Friday 22 July 2011

Nine Nines: A Sacred Number

Another short anecdote, dating from 14 January 1895, about fairy lore from the pen, or rather pencil, of John Ewen (Iain Eòghann) MacRury, from Torlum, Benbecula, concerns a sacred number in the shape of nine.

Nine, Naodh
The fairies are said
to be nine nines of y[ea]rs
sucking the bre[a]st.
Nine nines in boyhood, Nine
nines in younghood
Nine nines in Middle
man hood Nine nines
in old manhood, and
Nine nines to the bre[a]st
of death “ri uchd bais”

On the following folio Alexander Carmichel himself appends a Gaelic version of the above but from whom he got his he does not say. As well as this, Carmichael has added another stage to the six others mentioned in the above indicating that he may have heard his version from a different source:

Naogh naoghanan a deo[ghai]l
nan cioch naoi 9 a nam corrachadh
naogh naoigh na oganach
naogh naogh na fhear
agh naogh naogh na dhann
fear (dol leis a bhiuthadh) naogh
naogh na dhean fhearagh
naogh naogh ri uc[hd] bais
is duile dhomh nan a
naoghannan D bha = 567 years.

The sum of 9 x 9 is, of course, 81. Adding all these six stages (9 x 9 x 6) gives the total life expectancy of a typical fairy to be 486. The sum of nine nines would seem to have a connection with the sacred number 432 (the so-called cycle of time) that Joseph Campbell came across during his studies of comparative mythology. This, however,  falls rather short of 486. Perhaps it may be stretching things out a little to far to suggests there might well be some sort of connection between this pithy anecdote and the cosmic cycle of time. However, within a more specific Celtic context, nine maidens and nine virgin attended Bridget, while the sacred Beltane fire rites were attended by a cycle of nine groups of men consisting each of nine men. And, of course, when looking for other nines there are a great many: nine months for the period of human gestation, nine muses, nine planets and, if we want to look smart, then we all get dressed to the nines.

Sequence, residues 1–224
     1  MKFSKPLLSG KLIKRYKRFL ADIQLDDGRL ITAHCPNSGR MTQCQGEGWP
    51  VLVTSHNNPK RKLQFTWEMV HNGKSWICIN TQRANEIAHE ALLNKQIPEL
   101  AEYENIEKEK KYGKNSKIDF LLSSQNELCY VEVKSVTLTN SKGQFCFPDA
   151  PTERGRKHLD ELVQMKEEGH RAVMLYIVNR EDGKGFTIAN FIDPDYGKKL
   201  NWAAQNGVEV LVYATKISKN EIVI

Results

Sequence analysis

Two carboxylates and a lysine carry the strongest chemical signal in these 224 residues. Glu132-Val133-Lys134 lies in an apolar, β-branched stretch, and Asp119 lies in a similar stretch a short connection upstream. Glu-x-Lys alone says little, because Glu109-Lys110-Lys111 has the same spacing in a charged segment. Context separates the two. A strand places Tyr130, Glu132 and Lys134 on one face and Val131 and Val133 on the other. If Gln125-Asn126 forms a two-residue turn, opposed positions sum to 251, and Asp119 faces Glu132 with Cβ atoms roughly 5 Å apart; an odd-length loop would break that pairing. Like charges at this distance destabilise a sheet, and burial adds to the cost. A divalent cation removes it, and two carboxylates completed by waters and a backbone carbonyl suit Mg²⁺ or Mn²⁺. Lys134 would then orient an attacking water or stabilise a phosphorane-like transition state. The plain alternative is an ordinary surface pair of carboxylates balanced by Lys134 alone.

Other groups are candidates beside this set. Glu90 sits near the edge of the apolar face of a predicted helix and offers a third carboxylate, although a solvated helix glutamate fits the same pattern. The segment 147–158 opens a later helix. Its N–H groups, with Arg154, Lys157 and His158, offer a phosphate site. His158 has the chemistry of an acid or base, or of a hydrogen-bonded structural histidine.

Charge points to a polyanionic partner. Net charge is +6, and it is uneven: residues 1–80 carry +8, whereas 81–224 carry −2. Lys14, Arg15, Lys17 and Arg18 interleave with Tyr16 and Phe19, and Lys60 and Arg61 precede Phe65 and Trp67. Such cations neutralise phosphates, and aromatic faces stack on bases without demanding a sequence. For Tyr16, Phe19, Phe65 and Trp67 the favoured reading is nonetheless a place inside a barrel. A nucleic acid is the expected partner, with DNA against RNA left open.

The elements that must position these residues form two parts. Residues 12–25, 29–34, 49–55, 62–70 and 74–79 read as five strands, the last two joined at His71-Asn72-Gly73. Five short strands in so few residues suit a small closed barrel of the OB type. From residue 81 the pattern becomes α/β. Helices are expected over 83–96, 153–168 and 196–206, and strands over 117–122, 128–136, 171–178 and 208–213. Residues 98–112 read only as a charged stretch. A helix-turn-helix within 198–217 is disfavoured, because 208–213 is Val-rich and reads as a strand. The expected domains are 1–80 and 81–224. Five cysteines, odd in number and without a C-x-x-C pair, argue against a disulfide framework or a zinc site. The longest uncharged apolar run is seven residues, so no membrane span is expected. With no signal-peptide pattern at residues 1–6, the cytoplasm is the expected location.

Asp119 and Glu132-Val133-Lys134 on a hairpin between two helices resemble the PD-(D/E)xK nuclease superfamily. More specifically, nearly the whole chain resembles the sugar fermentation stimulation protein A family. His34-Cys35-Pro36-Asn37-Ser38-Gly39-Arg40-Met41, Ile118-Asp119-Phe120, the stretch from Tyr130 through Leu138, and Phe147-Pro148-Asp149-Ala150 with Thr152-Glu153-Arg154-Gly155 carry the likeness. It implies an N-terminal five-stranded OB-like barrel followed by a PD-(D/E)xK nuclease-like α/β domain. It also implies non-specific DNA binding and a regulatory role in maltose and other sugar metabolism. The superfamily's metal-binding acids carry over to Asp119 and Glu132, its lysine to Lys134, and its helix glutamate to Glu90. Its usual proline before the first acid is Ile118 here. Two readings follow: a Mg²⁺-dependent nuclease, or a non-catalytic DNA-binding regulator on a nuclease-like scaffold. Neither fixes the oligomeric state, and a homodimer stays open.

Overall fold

CW1/71 & 72, f. 38v & f. 39r.
Image: 81.

No comments:

Post a Comment

Note: only a member of this blog may post a comment.

Stone whorls WHM 1992 13 2.4

Stone whorls WHM 1992 13 2.4
Stone whorls collected by Alexander Carmichael, held by West Highland Museum (ref. WHM 1992 13 2.4). [©]